Friday, March 20, 2015

The Pig Head Party
Yes, that is a pig being stuck. 
Today we kill them first.
WARNING: Some content may be disturbing to some readers... others may find it "OMG that is sooo cooool!".  If you don't want to look at the face of a dead pig, you can read down for the recipe and instructions then stop when I start singing; though if you don't want to see the face of a dead pig I can't imagine why you would want to know how to stuff one... in any case, the pictures are after the song.

While this was not intended as a Historical Food Fortnightly challenge, it fits a missed challenge to a T, so I'll toss #18 in and check it off the list.  "Descriptive Food January 25 - February 7
We all know those recipes that come attached to interesting and imaginative names - slumps, crumbles, buckles, trifles, flummery. Pick a historic recipe that has a descriptive title."  Boar's Head isn't a funny name, but you know exactly what you are getting.

The Boar's Head feast was a traditional dish served around Christmas in Medieval Europe, Elizabethan times and later centuries, predominantly in France and England, but also America.  Usually sometime during the 12 days of Christmas, which are December 25th to January 5th, for those of you who don't know.  Advent is what comes before, from Nov 29th to Dec 24th.  There seems to be a modern confusion of those blocks of time.
I didn't make it for Christmas as we had originally planned.  This and that delayed the project and it actually ended up being a week into Lent.  Oops.

Also, what I had originally planned as being a full Christmas dinner turned into a dish-to-pass party, which worked out very well; but no king cake, or plum pudding or gingerbread.  I did what I had the time and resources for.

There are a few redactions and original recipes that I pulled information from, and some things I'd do differently next time (har), but it turned out OK.  The main thing I regret, aside from forgetting the ears (oops), was not having sprigs of rosemary to surround Miss Piggy.  That was a major oversight, but again, I did what I could with the resources I had.  Mistakes aside, I'm insanely pleased with how things turned out.*  It's a rich meat and fruit pudding/stuffing, and it certainly made a statement.   
*I cackled.

"Take a head, large or small. Boil it in water and wine, and when it is boiled make sure that the bones all stay together next to one another. And remove all the meat from the bones of the head. Strip the skin carefully, the white part from the meat and chop the other meat from the boar’s head very small. Put it in a pan. Spice it well with pepper, ginger, and a little cloves, nutmeg, saffron, and let it get very hot over the fire in the broth in which the head was boiled. Next take the boiled head and lay it in a white cloth and lay the skin under it on the cloth. Then spread the chopped meat all around on the head and cover it with the flayed skin. And if you have too little meat from one head, then take it from two and cover the head entirely as if it were whole. Next, pull the snout and the ears out through the cloth. Also, pull the teeth together again with the cloth, so the head is held together while it is still warm, and let it lie overnight. In the morning cut the cloth from around the head. In that way it will stay whole. Then serve it with a cold farce made with apples, almonds, raisins. Thus you have a lordly dish."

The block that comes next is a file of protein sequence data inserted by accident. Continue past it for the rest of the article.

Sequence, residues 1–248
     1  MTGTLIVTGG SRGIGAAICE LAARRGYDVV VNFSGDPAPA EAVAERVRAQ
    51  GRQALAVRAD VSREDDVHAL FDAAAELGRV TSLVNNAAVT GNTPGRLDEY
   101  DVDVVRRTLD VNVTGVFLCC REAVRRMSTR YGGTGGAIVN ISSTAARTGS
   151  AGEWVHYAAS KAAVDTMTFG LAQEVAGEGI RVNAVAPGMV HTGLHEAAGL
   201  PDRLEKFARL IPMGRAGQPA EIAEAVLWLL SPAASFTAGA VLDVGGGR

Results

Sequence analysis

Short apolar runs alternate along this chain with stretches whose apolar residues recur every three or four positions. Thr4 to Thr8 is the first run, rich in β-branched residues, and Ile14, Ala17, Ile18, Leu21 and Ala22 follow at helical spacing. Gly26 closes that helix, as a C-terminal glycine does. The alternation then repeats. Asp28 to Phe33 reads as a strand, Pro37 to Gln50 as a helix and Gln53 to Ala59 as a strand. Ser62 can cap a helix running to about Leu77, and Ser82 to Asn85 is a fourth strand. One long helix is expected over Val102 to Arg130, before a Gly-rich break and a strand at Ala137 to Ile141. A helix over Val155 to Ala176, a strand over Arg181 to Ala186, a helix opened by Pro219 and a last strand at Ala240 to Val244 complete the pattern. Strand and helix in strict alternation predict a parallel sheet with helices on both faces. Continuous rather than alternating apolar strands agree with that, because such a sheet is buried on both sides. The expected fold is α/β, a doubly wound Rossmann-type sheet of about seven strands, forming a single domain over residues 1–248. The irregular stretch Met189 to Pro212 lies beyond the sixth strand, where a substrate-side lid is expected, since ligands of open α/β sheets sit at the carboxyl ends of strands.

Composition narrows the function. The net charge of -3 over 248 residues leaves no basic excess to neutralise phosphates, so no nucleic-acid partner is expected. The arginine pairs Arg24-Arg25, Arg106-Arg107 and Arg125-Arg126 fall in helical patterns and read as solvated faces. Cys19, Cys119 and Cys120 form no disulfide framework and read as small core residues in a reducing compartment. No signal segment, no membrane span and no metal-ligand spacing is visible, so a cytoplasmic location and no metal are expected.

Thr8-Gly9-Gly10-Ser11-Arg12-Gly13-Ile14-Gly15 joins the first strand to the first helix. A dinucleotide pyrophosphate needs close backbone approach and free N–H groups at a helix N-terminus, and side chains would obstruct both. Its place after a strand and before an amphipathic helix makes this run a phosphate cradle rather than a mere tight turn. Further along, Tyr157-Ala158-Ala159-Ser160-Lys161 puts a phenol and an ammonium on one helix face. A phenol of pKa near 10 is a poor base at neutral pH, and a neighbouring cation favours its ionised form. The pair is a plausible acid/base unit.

Marianne Hansen. “And Thus You Have a Lordly Dish: Fancy and Showpiece Cookery in an Augsberg Patrician Kitchen.” Medieval Food and Drink, Acta, vol. xxi. 1995. (Many thanks to for posting several recipes & redactions)

This is the one I was going to do to the letter, but disliked the way some of her teeth looked, and didn't want to chance that she had an abscess* so I did not boil the bones or use them as a base to re-dress the head.  I pickled the skin in a wine mixture
1 c. salt
1 c. apple cider vinegar
3 c. cheap sherry (bottom shelf)
water to cover.
Heated this and let the skin sit for 3 days in the cool basement (about 40F). 
Then proceeded as stated above, but without bones, so the face skin ended up being a sack.  I left much of the facial muscle structure intact so that she had some character without the bones.  On the down-side, I had to buy A LOT more meat to fill this.  I served it hot due to time constraints, so it was more like stuffing than pudding. 

*(rotten teeth, abscesses & enlarged livers happen due to high grain & dairy diet in pigs, the diet is common in American feeder pigs, which usually don't live long enough to suffer the ill effects; but is not so good for a keeper who is expected to breed, and my guess is that this pregnancy didn't take due to a dietary imbalance & her enlarged liver.  Fine to eat the meat, but if she had been human her doctor would have put her on medicine and told her she needed a change in lifestyle and diet).

OK, I've dithered long enough, if you haven't figured it out, the gore is about to appear.  So, if you don't want to see it, bail now.  You've been warned.